So you or a loved one has just been diagnosed with an autoimmune disease and you’ve been instructed to take a medication you have never heard of. Everything is confusing, unknown, and frightening; and now you start to wonder if there is anything you can do outside of prescriptions and the doctor’s office to help make yourself feel better.
While medication is absolutely important and necessary, there are many other remedies that can additionally help lessen the severity of an autoimmune disease- one of these being your diet. Why is diet important? When it comes to Rheumatoid Arthritis, Lupus, Sjögren’s Syndrome, Hashimoto’s disease, etc... All of these autoimmune diseases have one thing in common: Inflammation, and diet can make a big difference with that.
What is inflammation?
Inflammation is when the immune system triggers a response to try to heal an infection or injury that may have occurred within your body. This is typically helpful when the inflammation is short- term and its purpose is strictly to fix the injury/infection that posed a threat to the body. Inflammation can become an issue when it is long- term and the immune system is constantly fighting and exhausting itself . When the immune system starts to over-exhaust itself, this makes it harder for it to fight off those infections and injuries, which is an extremely important and serious issue. Those with autoimmune diseases have long- term inflammation .
What’s going on in your body if you have an autoimmune disease?
When someone has an autoimmune disease, their immune system produces autoantibodies to attack healthy cells within their body by mistake . Autoimmune diseases can affect many different parts of the body and there are more than 80 different types. Inflammation is one of the classic signs of most autoimmune diseases, along with fatigue, muscle aches, and a low grade fever . Each autoimmune disease’s symptoms will vary, and based on which one you have, the immune system will be attacking certain parts of your body (ex: RA is when the body’s joints are attacked, but Sjogren’s syndrome is when the body primarily attacks glands that secrete fluids) . This constant state of the immune system wrongfully attacking your body, will cause long term inflammation which can begin to damage your arteries, organs and joints. Medications are a great way to manage your autoimmune disease and the damage done from it, but there are definitely ways to additionally decrease the severity and progression of it.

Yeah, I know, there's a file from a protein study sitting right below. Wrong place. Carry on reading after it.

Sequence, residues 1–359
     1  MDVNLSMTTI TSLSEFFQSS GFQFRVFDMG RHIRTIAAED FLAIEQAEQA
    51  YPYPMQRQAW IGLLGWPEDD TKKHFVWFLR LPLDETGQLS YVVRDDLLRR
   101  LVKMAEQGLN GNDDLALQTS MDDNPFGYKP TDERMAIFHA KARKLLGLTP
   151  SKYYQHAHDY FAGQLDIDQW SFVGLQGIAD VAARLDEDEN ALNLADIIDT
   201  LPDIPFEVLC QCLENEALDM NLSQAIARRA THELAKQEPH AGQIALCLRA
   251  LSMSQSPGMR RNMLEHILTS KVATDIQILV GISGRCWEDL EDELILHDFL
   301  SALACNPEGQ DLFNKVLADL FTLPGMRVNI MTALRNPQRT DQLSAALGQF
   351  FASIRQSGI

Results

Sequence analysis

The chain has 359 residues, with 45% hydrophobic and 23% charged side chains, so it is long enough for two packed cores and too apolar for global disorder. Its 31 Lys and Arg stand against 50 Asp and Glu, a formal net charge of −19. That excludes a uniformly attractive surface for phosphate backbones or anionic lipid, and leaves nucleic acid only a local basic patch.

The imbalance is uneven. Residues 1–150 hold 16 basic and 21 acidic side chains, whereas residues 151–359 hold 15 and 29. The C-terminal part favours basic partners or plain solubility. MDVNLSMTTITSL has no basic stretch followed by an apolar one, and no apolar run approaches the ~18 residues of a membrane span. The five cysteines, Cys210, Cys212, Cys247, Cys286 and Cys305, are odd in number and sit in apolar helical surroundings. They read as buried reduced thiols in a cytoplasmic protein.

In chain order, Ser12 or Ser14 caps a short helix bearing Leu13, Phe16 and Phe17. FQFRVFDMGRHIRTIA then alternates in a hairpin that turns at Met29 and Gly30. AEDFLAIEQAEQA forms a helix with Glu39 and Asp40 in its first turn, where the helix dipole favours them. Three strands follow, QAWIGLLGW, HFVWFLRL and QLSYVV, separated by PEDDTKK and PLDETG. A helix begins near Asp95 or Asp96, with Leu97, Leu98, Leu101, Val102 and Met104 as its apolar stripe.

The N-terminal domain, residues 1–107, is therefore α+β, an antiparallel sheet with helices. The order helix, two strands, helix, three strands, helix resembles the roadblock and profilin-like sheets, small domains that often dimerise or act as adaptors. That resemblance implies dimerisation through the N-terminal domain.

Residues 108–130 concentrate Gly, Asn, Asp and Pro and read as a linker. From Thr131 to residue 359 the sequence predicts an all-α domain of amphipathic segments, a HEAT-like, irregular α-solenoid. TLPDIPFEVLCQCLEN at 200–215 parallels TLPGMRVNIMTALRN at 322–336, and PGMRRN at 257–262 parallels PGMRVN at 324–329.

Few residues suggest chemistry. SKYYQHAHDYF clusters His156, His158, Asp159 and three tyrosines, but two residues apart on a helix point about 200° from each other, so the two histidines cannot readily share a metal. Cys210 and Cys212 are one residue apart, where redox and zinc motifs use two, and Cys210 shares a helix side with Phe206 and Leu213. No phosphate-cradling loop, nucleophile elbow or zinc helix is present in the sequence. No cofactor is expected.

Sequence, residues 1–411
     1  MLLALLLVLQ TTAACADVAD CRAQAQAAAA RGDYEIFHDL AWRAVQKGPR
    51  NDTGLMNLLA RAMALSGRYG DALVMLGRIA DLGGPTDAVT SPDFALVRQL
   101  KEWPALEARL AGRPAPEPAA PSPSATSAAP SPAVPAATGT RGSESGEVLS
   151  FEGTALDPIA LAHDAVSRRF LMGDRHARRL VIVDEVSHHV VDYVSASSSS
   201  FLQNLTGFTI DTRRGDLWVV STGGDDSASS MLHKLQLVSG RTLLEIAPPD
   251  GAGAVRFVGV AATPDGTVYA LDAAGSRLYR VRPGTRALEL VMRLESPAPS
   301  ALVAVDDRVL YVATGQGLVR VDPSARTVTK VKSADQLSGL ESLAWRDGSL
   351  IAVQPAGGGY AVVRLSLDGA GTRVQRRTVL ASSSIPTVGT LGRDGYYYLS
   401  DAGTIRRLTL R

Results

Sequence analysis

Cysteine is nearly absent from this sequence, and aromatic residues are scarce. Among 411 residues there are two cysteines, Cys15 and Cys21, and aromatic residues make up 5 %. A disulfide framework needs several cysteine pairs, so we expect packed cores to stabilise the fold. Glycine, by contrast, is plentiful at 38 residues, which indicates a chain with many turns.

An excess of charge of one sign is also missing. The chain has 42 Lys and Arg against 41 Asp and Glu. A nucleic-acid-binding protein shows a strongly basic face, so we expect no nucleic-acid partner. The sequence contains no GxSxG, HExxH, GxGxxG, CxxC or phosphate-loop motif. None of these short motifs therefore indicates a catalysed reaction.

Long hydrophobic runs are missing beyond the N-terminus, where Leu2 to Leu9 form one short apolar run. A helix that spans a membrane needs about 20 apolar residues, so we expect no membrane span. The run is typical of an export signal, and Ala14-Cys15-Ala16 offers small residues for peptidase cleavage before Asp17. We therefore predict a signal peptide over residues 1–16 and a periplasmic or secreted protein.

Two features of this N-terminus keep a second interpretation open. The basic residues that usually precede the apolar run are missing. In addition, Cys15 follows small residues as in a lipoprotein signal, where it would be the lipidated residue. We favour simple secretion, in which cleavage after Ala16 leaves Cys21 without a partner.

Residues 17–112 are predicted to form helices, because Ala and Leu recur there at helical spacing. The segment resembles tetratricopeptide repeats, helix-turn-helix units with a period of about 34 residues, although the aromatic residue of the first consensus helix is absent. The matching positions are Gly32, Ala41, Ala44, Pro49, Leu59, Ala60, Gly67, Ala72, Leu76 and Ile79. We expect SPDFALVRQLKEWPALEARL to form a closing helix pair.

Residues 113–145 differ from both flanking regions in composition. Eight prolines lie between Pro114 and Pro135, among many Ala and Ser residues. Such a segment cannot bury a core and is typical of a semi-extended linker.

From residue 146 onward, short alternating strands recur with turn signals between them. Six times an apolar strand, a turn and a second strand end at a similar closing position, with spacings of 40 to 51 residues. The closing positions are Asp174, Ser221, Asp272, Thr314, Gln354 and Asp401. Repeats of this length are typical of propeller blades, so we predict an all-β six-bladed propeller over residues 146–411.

How does nutrition play a role in autoimmune and inflammation?
There are chemicals naturally found in our body that have antioxidant properties and in turn, produce anti- inflammatory benefits. These are polyphenols that are types of phytochemicals, and there are 3 different kinds found in food and beverages associated with anti-inflammatory properties; Flavonoids, Stilbenes, and Phenolic acids . Some foods and beverages that contain these phytochemicals are cloves, leafy greens, dark chocolate, berries, apples, plums, beans, nuts, black tea, and green tea . Another important nutrient to consume is healthy fats, which can include olive oil and fatty fish .
How can I implement this into my own diet?
Generally, eating healthy, well balanced meals will be beneficial to those with autoimmune diseases. A good model for a diet that is anti-inflammatory based is the Mediterranean Diet, this will consist of favoring fruits and vegetables, omega-3 fatty acids, whole grains, lean protein, healthful fats, low-fat milk products, and spices . Avoid eating things containing saturated and trans fat, cholesterol, salt, and added sugars . On top of eating a nutrient packed diet, you should also be living a health conscious lifestyle! This means limiting your alcohol consumption, not smoking, exercising regularly, and trying to remain stress free .
Consuming anti-inflammatory foods should definitely benefit a person with an autoimmune disease, but make sure to choose to eat things that make YOU feel good (that’s the whole point, isn’t it?!). Having an autoimmune disease does not mean your diet will be one size fits all, it will take a lot of trial and error to see what helps with your individual symptoms. Hopefully after reading this article you feel a bit more ready to tackle your autoimmune disease whilst using nutrition!
Edited by PreRD intern, Lauren Gatto
Written by Emily Cafarella: I am a 4th year undergraduate student at Stony Brook University studying Health Science in pursuit of becoming a Registered Dietitian. I am passionate about fueling your body with nutrients and movement to create a sustainable and balanced lifestyle! I hope to open up a private practice in the future to further promote and spread awareness about health and wellness to others.
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